I’ve always loved Pippi. Her spunk, the way she brightened up Tommy and Annika’s mundane life, the fact that she just assumed everyone was a friend (even if they most decidedly were NOT), her independence but the fact that she still loved her papa dearly … aw, she was just grand.

    Not sure how I feel about updated language, to be honest. I think half of Pippi’s charm was that she was this completely outrageous girl in a very prim-and-proper place and time, and the old-fashioned language reinforces that. Change that, and I think you lose something from the story itself.

  2. I haven’t read the new translation–we have it, but I just haven’t read it. Cannibal King vs. King of the Natives? OK, I don’t have a problem with that. But morning promenade vs. morning walk? I rather like the sound of a morning promenade. Oh, well.

  3. Genevieve says:

    That is not the Pippi Longstocking song I remember from the movies! Wonder if it was an earlier one, or elsewhere in this film? I just remember her singing “I am Pip-pi Longgggstocking, how I love my funny na-ame-o!”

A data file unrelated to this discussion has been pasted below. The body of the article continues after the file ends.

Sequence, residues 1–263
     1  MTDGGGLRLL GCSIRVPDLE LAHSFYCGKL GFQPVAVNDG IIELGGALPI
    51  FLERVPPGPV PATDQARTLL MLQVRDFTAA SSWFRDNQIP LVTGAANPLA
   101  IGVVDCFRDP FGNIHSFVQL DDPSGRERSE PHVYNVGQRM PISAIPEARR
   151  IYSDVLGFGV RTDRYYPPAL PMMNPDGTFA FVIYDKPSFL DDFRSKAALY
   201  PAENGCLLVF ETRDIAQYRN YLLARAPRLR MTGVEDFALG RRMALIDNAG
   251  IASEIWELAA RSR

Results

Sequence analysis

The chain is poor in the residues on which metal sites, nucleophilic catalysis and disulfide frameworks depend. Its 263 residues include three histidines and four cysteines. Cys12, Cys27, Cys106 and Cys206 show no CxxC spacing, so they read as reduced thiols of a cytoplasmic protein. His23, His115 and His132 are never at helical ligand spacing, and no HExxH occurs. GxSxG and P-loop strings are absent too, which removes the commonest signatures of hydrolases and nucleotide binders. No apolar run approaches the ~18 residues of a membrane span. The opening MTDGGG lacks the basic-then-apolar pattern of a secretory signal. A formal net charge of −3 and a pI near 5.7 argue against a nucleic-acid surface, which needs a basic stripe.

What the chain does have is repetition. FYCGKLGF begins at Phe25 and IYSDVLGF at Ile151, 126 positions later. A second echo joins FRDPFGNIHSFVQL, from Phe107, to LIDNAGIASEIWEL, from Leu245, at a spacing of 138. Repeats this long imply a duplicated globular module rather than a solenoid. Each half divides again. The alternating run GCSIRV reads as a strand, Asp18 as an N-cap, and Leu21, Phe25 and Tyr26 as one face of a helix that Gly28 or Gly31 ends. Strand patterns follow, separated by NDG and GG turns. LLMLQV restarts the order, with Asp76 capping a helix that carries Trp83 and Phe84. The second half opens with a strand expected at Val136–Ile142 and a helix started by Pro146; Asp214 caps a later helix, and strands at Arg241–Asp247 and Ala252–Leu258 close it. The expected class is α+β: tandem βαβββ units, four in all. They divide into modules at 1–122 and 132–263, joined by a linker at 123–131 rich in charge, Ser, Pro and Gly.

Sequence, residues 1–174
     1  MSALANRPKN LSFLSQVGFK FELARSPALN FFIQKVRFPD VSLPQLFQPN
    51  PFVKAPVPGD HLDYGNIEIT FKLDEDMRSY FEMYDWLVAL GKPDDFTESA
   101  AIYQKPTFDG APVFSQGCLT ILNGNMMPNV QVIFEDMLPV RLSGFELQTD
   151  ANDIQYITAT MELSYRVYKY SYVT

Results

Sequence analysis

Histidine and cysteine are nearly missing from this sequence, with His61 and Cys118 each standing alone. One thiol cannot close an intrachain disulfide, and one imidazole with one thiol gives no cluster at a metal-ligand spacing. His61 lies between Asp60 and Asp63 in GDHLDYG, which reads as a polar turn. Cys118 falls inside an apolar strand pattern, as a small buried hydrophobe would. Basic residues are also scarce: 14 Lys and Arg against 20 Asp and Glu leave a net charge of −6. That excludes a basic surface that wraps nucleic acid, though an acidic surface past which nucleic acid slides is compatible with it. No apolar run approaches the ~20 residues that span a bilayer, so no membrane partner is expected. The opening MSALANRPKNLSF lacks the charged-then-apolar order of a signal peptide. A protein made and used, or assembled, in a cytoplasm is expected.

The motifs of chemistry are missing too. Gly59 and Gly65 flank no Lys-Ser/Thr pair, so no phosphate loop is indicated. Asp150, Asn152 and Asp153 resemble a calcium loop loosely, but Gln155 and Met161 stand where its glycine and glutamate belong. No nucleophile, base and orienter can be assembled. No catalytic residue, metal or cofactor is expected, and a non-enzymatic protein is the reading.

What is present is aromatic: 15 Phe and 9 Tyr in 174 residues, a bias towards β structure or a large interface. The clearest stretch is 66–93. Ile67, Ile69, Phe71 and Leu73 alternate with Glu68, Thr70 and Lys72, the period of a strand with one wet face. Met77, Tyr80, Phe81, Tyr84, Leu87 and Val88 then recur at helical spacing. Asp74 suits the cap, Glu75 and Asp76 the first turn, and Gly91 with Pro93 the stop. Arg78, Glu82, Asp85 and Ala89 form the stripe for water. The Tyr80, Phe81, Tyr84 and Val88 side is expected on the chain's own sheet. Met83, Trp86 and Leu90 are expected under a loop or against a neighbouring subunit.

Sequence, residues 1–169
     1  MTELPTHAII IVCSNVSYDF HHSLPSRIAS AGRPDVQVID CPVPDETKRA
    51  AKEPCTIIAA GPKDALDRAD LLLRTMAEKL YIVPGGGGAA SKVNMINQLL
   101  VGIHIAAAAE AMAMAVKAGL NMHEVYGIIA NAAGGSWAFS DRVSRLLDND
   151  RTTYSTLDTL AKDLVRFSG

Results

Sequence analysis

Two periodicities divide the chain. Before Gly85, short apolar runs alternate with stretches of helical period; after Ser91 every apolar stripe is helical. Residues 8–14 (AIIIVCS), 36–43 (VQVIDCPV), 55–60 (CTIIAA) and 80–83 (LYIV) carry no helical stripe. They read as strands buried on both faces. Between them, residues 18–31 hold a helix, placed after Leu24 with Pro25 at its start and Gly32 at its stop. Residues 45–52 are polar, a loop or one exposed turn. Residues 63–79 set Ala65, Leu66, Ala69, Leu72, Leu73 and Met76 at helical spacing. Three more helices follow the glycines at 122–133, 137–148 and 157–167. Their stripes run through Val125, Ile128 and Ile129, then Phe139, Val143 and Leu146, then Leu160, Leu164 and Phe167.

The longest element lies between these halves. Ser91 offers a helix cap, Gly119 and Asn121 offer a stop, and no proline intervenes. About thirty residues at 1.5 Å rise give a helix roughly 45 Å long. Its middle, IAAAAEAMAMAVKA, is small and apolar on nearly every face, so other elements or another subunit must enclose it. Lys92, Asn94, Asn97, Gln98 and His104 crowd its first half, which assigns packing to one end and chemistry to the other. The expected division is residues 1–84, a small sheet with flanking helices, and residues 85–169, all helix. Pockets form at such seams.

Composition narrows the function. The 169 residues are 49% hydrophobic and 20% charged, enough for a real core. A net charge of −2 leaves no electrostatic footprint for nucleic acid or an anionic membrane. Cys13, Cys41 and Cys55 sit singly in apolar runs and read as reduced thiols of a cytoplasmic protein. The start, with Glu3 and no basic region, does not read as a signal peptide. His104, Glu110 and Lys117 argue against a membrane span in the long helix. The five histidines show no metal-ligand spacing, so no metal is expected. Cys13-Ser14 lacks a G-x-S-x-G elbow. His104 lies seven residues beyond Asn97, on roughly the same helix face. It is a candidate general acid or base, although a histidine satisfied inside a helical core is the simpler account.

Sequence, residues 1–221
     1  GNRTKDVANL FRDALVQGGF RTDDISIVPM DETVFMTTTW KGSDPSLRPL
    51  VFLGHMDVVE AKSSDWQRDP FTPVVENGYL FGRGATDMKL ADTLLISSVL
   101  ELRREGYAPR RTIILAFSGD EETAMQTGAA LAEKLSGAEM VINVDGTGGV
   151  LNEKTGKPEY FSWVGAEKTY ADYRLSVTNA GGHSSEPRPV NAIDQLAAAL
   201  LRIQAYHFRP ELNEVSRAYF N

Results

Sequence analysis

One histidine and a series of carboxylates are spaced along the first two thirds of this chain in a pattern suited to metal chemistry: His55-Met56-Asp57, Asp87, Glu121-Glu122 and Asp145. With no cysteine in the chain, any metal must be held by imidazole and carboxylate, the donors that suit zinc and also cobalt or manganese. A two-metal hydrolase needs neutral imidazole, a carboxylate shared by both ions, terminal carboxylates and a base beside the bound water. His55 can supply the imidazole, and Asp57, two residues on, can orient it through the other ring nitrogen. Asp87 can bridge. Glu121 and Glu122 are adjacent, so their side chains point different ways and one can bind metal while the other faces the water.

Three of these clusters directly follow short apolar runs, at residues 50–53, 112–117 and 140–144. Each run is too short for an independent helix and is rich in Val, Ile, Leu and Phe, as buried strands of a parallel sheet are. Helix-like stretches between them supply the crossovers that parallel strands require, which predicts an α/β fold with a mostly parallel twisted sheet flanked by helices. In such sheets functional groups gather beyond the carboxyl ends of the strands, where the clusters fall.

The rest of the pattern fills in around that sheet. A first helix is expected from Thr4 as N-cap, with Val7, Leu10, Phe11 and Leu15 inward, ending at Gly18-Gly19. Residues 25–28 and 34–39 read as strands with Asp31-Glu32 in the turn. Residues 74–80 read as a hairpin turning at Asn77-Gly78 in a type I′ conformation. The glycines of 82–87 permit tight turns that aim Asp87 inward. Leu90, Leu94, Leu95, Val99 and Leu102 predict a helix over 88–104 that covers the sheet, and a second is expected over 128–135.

I like morning promenade too. But otherwise, fresher language in the translation might be good.

  4. Greg Holch says:

    “Cannibal King” resonated with my third grade brain in all sorts of creative ways that “King of the Natives” never would have.

    The whole book is about a girl who shocks adults and charms children. It almost seems as if the new edition takes the side of the adults.

    I wonder what words Astrid Lindgren really used.

  5. DaNae says:

    Pippi had everything I wanted as a kid: super strength, her own house, a chest full of gold and best of all a monkey.

  6. Jennifer says:

    Owwww, that movie is AWFUL!! You have to watch the original movies with Inger Nilsson. Even though the dubbing is a little off, they’re so much better! Google “har kommer pippi langstrump” and you’ll get the REAL theme song!